I’m going to take you for a walk down memory lane for a couple of minutes. How many of you remember the TV show, “I Love Lucy?” On that show, the main character, Lucy Ricardo, was always getting into mischief. Sometimes it was so bad that her husband said, “Lucy, you’ve got some explaining to do!”

In the passage from Acts 11:1-18, Peter had some explaining to do to the rest of the apostles. They heard the reports about Peter preaching to Cornelius and his family, and they were not happy. The Jews believed that as God’s chosen people they were the only people who could receive the Holy Spirit and the Good News. The idea that the Gentiles could receive the Holy Spirit was extraordinary and contrary to the ideas of the Jews. It is not surprising therefore that Peter would have to do some explaining when he returned to Jerusalem. Instead of debating his accusers, Peter told them the remarkable story of all that had happened. Peter made sure they knew that he went to Caesarea in direct obedience to the Spirit, and that six Jewish believers had accompanied him to the house of Cornelius.

Peter showed that the best way to silence opposition is to make a plain statement of things as they occurred. Opposition most commonly arises from prejudice or false or exaggerated statements. They can best be removed not by arguing but by truthfully telling the facts.

As Peter told the disciples what happened in Caesarea, the Holy Spirit was at work in the minds of the disciples. They loved Peter and believed in him. They gave him a good hearing. Peter and the disciples asked the question, “Who are we that we can withstand God?” They carefully considered the evidence and received the message that the Good News was open to everyone.

This story has implications for us. There is a difference between the Lord being on our agenda and us being on His agenda. God urges us to keep our focus on Him. God is preparing the next step for each of us. God will move us on in our growth. He won’t let us stay where we are. He will gently nudge us and give us the desire to receive what He wants to give us. He will involve us with people who need Him more than they need their next breath.

Once we clearly see God at work, we are wise to join Him or stay out of the way. For example, it never occurred to the early Jewish believers that God might choose to send the Holy Spirit to the Gentiles. Once they saw the truth, they responded correctly by praising God. The Holy Spirit makes it possible for people to have their lives changed and in the process, change the world where they are, and so make the kingdom of God a reality here and now.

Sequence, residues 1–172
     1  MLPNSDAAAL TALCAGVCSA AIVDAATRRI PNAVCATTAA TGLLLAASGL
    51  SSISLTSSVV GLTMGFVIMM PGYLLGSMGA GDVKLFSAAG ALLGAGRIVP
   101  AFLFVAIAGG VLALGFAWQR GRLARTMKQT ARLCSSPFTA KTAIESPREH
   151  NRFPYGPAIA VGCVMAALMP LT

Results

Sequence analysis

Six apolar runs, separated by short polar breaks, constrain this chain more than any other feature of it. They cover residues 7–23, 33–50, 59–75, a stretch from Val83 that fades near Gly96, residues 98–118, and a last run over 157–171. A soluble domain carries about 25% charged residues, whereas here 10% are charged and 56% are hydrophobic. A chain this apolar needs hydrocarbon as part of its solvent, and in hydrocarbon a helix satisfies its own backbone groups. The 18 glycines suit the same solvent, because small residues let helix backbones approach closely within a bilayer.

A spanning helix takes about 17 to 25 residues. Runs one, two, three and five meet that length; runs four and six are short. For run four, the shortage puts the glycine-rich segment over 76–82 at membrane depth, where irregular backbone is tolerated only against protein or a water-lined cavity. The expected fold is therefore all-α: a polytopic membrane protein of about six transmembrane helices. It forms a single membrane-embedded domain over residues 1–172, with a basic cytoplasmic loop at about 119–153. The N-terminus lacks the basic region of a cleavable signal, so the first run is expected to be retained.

Another truth revealed in this passage from Acts is that God gives gifts to others who may or may not believe or practice their faith in the same way that we do. God gives gifts to both unbelievers and believers. God accepts all people even as He has accepted us. It is useless for us to argue with God or contradict God. We can’t win.

This story has implications for the church. Culture clashes are inevitable, especially when churches try to hold on to rules that have nothing to do with the Gospel. There are times when it takes much more strength to let go of these rules than to hang on. There are also clashes with different denominations and their cultures.

What would happen if all the churches agreed, on a given day, to change their names simply to “church?” What if all references to denomination were removed and we were just Christians? And when, people chose which church to attend, they wouldn’t do so by the sign outside. They would do so by the hearts of the people inside. When people were asked what church they attended, their answer wouldn’t be a label but just a location.

The message from this passage holds power for us today. Peter, with the help of the Holy Spirit, entered a space in which he was unfamiliar, in order to become like “the others.” Peter’s experiences are remarkable in and of themselves, but in sharing his story with skeptics in the church, he expanded the horizon of possibilities for his own people. Are there times when our experiences outside of the realm of church need to be shared with those within the church? How might those experiences change the ways that we are called to follow Jesus? How can we be loving toward people who have differing, even contrary, worldviews and ideologies and practices to our own? What does extending love look like when individuals do not want to receive love? We need to remember these three things:

  1. There is one Gospel: God accepts all who have faith in Christ.
  2. There is one body: In Christ, there is neither Jew nor Gentile.
  3. There is one rule: In Christ, love others as God loves you.



  1. Jeremiah, David: The Jeremiah Study Bible, New King James Version (Brentwood, TN: Worthy Publishing; 2013, p. 1506)
  2. Barnes’ Notes on the New Testament. Part of Wordsearch 11 Bible software package.
  3. Ogilvie, L.J. & Ogilvie, L.J. The Preacher’s Commentary Series, Vol 28: Acts (Nashville, TN: Thomas Nelson Inc.; 1983; pp. 187-189)
  4. MacArthur, J.F. Jr.: The MacArthur Study Bible: New American Standard Bible (Nashville, TN: Thomas Nelson Publishers; 2006)
  5. Stanley, C.F.: The Charles F. Stanley Life Principles Bible: New Kings James Version (Nashville, TN: Nelson Bibles; 2005)
  6. Lucado, M.: The Lucado Life Lessons Study Bible (Nashville, TN: Thomas Nelson; 2010)


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